VietNamNet Bridge – When the National Assembly promulgated the Law on Public Debt Management in 2009, Vietnam’s public debt to GDP ratio was similar to other countries; however, that ratio has increased rapidly in recent years. Vietnam is faced with the question of how to ensure debt safety, as large or small scale debt does not matter as much as the ability to repay the debt does.


The belt highway 3, a project using Japanese ODA 




According to the Law on Public Debt Management, public debt includes Government debts, debts guaranteed by the Government, and debts of local authorities. Official data on public debt is held by the Department of Debt Management and External Finance under the Ministry of Finance. In the last two years, figures on public debt have been published in the debt newsletters of the Finance Ministry.

Under the NA report at the ongoing NA session, Vietnam’s public debt was posted at more than US$61 billion in 2012, accounting for 55.7% of GDP. According to the Government’s latest report to the NA, the country's public debt in 2014 surpassed US$85 billion, equivalent to 60.3% of GDP, and will climb to a highest ratio ever in 2016 at nearly 65% of GDP.

When the NA issued the Law on Public Debt Management in 2009, Vietnam’s public debt was 52% of GDP. The ratio increased to 56.3% in 2010 and 54.9% in 2011.

It is expected that the public debt will decrease in the 2016-2020 period and stay within the limit of 65% of GDP as approved by the NA in the strategy for loans and debt repayment. With the current economic difficulties, Government revenue cannot meet the demand for regular expenditure and investment, so 98% of the public debt is allocated to development investment projects. Public debt from domestic sources has also increased in recent years due to tightened lending conditions from foreign sources.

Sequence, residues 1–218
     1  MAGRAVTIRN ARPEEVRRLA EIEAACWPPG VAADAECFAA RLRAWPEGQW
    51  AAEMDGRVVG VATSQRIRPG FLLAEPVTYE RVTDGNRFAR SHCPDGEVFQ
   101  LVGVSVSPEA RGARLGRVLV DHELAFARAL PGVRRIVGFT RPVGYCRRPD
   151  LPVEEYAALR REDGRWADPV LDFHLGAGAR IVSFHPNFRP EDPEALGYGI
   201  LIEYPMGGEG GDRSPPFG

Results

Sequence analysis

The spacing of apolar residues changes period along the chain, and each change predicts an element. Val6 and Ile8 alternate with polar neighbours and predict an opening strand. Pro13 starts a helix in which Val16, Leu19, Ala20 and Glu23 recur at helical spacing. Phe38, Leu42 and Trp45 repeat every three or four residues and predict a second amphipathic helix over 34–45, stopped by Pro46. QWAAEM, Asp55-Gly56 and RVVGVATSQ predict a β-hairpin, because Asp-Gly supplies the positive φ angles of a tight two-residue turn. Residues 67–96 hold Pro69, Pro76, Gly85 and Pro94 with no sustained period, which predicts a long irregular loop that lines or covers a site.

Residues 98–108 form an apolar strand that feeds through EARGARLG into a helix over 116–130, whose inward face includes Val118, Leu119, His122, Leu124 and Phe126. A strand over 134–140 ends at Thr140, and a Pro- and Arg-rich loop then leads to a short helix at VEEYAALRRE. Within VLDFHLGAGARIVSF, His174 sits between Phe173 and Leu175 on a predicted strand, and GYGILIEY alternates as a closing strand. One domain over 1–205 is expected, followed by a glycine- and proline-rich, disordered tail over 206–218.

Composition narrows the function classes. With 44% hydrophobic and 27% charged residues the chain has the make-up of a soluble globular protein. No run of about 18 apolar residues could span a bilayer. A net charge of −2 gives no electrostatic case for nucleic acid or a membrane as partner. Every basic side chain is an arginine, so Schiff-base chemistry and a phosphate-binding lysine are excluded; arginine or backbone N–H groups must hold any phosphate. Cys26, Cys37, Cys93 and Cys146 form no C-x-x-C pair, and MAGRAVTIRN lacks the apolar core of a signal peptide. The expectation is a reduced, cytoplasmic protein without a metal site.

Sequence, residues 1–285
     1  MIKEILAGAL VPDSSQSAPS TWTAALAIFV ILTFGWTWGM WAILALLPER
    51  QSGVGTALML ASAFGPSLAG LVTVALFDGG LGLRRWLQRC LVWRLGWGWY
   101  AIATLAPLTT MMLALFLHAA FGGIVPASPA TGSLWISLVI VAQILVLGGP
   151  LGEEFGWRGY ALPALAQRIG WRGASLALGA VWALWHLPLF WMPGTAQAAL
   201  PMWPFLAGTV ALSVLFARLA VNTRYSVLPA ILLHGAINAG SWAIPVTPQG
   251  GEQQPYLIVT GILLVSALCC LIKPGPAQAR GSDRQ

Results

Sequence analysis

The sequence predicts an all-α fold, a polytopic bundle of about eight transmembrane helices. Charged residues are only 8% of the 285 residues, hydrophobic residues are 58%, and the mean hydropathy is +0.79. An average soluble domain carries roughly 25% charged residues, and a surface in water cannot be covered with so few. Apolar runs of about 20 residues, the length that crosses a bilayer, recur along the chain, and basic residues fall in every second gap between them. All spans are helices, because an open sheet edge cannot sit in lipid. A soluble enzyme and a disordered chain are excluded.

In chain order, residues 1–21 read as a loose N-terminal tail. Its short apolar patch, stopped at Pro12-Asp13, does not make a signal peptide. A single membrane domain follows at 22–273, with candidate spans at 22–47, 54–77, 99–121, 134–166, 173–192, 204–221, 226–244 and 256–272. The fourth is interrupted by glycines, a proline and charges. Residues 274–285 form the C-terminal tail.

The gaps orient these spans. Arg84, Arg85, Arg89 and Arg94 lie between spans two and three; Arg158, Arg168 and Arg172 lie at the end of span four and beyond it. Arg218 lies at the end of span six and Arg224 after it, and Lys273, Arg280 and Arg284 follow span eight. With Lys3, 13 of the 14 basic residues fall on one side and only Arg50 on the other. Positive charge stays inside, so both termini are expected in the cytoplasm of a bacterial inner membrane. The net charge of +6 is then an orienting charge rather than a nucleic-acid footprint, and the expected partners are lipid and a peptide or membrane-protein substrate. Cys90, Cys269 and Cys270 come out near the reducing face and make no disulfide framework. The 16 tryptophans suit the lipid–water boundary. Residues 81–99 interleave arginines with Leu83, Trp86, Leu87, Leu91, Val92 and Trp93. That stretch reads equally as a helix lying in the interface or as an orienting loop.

Public debt management is increasingly tightened

Nine years ago, the Government issued decree No.134/2005/NĐ-CP on November 1, 2005 on loans and debt repayment management. At that time, Vietnam’s public debt was mainly held in foreign loans, mostly from official development assistance (ODA) at long-term low interest rates. The total foreign debt was recorded at US$13.5 billion and the debt repayment, including principal and interest, was only US$612 million.

Amidst the acceleration of public debt to serve development demand, the NA promulgated the Law on Public Debt Management in 2009 that emphasised the rights and duties of the NA and Government on public debt management.

On July 27, 2014, the Government signed decision No.958/QĐ-TTg ratifying a strategy on public debts and national foreign debts in the 2011-2020 period and a vision to 2030, with the aim of mobilising capital at reasonable costs and risks, meeting the requirement for a balanced budget and socio-economic development.

How to ensure public debt safety?

When the National Assembly issued the Law on Public Debt Management in 2009, Vietnam’s public debt to GDP ratio was similar to other countries. Currently, the public debt to GDP ratio of the US and Japan has exceeded 100% and 200% respectively. Thus, how can Vietnam ensure the safety of public debts? Some countries with a public debt to GDP ratio of only about 30% are still not able to repay debts, leading to the risk of insolvency.

In 2014, Vietnam’s total loan repayment accounts for 26.69% of Government revenue. In 2015, loan repayment, including principal and interest, will account for 31% of total Government revenue in addition to the Government’s regular expenditure of 72% of revenue. With these figures, there will be no money from the Government income to pour into development projects. So, how can Vietnam tackle the public debt issue?

First of all, it is advisable to boost the national economy to increase Government revenue and boost export activities to earn more foreign currency for foreign debt repayment and for national foreign exchange reserves.

Vietnam should improve the structure of loans as it has become a middle-income country with fewer preferential loans and ODA. The Government needs to increase domestic loans with longer terms and lowered interest rates.

It is also necessary to manage public debt and debt repayment in accordance with the Government strategy towards ensuring macroeconomic stability and boosting the national economy. Enhancing the quality of public investment projects to avoid wastefulness is also a matter of concern. It is also recommended that a review of the Government’s currently too high regular expenditure be conducted, to save money for development investment and debt repayment.

Nhan Dan/VNN